The facts in Hagans were slightly different. There the lessor Ryder (insured by Liberty Mutual) agreed to provide insurance covering Far-Go (lessee/ICC carrier) as an additional insured. Far-Go (insured by Glens Falls) agreed to indemnify Ryder. The driver Hagans was a Far-Go employee on Far-Go business at the time the accident occurred. Both policies covered Far-Go and its employees. Apparently the Glens Falls policy did not contain the ICC endorsement, but "all parties proceed[ed] on the premise that the policy of Glens Falls contain[ed] such." 465 F.2d at 1252. The Court ignored the terms of the lease by which Ryder agreed to provide public liability insurance, and on the basis of Argonaut held that Glens Falls' coverage of Far-Go (lessee) was primary.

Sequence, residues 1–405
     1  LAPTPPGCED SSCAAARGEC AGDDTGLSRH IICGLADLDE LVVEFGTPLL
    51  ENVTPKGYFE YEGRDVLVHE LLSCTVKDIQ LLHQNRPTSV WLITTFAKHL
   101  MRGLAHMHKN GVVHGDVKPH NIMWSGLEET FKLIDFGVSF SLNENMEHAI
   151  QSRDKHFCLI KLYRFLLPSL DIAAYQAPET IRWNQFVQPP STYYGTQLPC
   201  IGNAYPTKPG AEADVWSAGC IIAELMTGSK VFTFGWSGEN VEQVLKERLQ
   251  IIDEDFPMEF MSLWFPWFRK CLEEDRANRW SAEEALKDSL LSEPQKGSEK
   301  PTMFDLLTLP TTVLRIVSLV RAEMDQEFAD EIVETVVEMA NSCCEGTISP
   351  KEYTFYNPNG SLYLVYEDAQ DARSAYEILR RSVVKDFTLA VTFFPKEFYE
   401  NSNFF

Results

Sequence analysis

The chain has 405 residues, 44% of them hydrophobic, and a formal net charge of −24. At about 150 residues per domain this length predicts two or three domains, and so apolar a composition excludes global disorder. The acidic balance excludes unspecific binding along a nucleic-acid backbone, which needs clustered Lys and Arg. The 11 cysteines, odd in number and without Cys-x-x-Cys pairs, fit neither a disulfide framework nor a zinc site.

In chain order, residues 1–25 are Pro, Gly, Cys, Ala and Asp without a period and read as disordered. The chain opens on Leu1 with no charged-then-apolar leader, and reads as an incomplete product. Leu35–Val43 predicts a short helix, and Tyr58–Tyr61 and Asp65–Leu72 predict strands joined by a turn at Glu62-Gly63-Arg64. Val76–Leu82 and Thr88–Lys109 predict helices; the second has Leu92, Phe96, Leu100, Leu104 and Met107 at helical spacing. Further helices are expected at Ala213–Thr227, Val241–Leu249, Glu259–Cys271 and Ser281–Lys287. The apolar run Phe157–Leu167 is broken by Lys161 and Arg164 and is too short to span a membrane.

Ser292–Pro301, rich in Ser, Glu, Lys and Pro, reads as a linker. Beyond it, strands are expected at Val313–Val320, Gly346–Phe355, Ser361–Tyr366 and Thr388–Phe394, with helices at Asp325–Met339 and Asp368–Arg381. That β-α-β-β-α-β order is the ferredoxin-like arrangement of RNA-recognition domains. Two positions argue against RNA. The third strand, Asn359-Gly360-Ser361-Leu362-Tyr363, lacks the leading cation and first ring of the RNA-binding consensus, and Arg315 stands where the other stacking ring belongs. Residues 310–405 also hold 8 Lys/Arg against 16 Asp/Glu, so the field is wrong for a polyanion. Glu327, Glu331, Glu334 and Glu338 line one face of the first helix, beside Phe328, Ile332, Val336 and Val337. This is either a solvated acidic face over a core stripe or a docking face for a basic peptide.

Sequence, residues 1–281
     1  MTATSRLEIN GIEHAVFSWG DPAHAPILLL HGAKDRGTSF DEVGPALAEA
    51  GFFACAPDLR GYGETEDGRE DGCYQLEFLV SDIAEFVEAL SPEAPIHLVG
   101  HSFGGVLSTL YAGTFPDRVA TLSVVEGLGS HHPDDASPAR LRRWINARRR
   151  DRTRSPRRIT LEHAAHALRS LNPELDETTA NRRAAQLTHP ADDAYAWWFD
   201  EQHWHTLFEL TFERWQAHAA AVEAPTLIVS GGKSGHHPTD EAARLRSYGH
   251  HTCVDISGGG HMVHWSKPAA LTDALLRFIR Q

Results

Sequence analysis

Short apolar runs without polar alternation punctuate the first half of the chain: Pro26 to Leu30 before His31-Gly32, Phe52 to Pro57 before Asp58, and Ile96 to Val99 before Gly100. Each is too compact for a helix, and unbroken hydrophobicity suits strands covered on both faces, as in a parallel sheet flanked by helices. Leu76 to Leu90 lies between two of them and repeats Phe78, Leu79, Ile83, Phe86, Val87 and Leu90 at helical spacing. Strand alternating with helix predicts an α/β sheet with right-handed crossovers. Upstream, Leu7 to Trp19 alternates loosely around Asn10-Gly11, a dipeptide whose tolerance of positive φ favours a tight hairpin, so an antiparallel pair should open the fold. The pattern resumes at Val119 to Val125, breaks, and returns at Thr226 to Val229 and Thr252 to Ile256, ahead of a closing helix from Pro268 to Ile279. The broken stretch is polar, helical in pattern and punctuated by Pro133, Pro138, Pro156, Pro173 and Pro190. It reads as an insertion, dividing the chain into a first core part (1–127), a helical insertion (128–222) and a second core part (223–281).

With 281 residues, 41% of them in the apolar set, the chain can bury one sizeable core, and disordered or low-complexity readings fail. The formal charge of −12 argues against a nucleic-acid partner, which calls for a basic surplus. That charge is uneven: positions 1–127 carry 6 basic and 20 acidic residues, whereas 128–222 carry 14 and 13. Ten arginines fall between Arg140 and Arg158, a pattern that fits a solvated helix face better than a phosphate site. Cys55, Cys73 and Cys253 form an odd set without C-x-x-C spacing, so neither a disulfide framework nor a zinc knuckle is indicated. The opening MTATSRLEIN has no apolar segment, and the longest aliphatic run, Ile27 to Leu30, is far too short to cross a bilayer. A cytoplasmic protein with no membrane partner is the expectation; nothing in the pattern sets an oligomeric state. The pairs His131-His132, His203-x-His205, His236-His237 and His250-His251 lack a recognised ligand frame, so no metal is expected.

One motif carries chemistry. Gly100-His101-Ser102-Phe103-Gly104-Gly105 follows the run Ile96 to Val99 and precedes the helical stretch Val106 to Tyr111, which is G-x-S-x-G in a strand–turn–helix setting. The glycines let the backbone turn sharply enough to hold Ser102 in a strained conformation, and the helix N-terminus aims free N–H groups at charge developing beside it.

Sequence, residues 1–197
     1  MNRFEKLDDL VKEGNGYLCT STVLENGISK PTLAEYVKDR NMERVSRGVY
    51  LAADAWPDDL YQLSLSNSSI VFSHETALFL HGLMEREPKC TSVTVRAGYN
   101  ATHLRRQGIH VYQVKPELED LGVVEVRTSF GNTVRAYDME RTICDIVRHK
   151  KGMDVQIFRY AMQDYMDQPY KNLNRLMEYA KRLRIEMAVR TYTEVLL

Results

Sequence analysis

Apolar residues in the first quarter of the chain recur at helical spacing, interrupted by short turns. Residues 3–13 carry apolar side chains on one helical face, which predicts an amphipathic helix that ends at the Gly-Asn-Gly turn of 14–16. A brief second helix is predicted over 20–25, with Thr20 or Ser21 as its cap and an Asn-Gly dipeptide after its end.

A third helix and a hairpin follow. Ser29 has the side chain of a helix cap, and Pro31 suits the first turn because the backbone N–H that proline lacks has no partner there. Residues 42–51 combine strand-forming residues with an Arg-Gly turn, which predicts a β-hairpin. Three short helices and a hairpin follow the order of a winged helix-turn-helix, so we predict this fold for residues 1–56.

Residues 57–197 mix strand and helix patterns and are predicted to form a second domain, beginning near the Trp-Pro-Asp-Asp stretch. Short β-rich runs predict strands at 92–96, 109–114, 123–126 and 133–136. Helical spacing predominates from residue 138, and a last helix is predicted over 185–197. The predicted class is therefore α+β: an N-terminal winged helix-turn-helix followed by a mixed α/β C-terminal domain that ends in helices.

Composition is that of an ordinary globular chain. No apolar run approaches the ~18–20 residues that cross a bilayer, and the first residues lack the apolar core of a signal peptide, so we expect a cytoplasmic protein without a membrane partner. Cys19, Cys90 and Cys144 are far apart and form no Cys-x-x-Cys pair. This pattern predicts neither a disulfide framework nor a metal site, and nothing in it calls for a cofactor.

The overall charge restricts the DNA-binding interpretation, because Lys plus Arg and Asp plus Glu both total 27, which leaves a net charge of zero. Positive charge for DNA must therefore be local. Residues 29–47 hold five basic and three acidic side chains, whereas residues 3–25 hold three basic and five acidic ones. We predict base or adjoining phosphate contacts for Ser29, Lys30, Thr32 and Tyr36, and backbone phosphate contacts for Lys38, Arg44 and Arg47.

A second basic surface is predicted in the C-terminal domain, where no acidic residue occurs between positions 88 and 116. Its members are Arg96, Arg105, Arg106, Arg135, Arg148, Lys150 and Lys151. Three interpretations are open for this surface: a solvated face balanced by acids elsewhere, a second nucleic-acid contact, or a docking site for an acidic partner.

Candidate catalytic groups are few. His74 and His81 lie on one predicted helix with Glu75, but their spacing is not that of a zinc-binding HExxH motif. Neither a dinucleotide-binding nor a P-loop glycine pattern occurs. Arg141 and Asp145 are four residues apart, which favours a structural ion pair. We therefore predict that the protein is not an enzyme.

Carolina v. Transport maps out as follows:Carolina/Andico-Lessor Transport/Ringsby-LesseeLease Lessor agreed to indemnify Lessee assumed control of provisions lessee driver Lessor agreed to supply driver who was not to be considered employee of lessee Lessor agreed to obtain public liability insurance Policy ICC endorsement ICC endorsement provisions Omnibus insurance clause No comparable clause Excess only clause Excess only clause  On these facts the Court ignored the lease agreement except to the extent that the contract was considered to have established permissive use for purposes of the omnibus insurance clause. It distinguished Argonaut and Hagans on the basis that both policies contained the ICC endorsement and went on to hold first, that Ringsby-lessee and the driver were additional insureds under the Carolina policy. Second, the driver was not an additional insured under the Transport policy because it lacked an omnibus insurance clause (equivalent to Underwriters provision  here). Third, the driver was a "special employee" of Ringsby-lessee because it had full control over the tractor-trailer. Finally,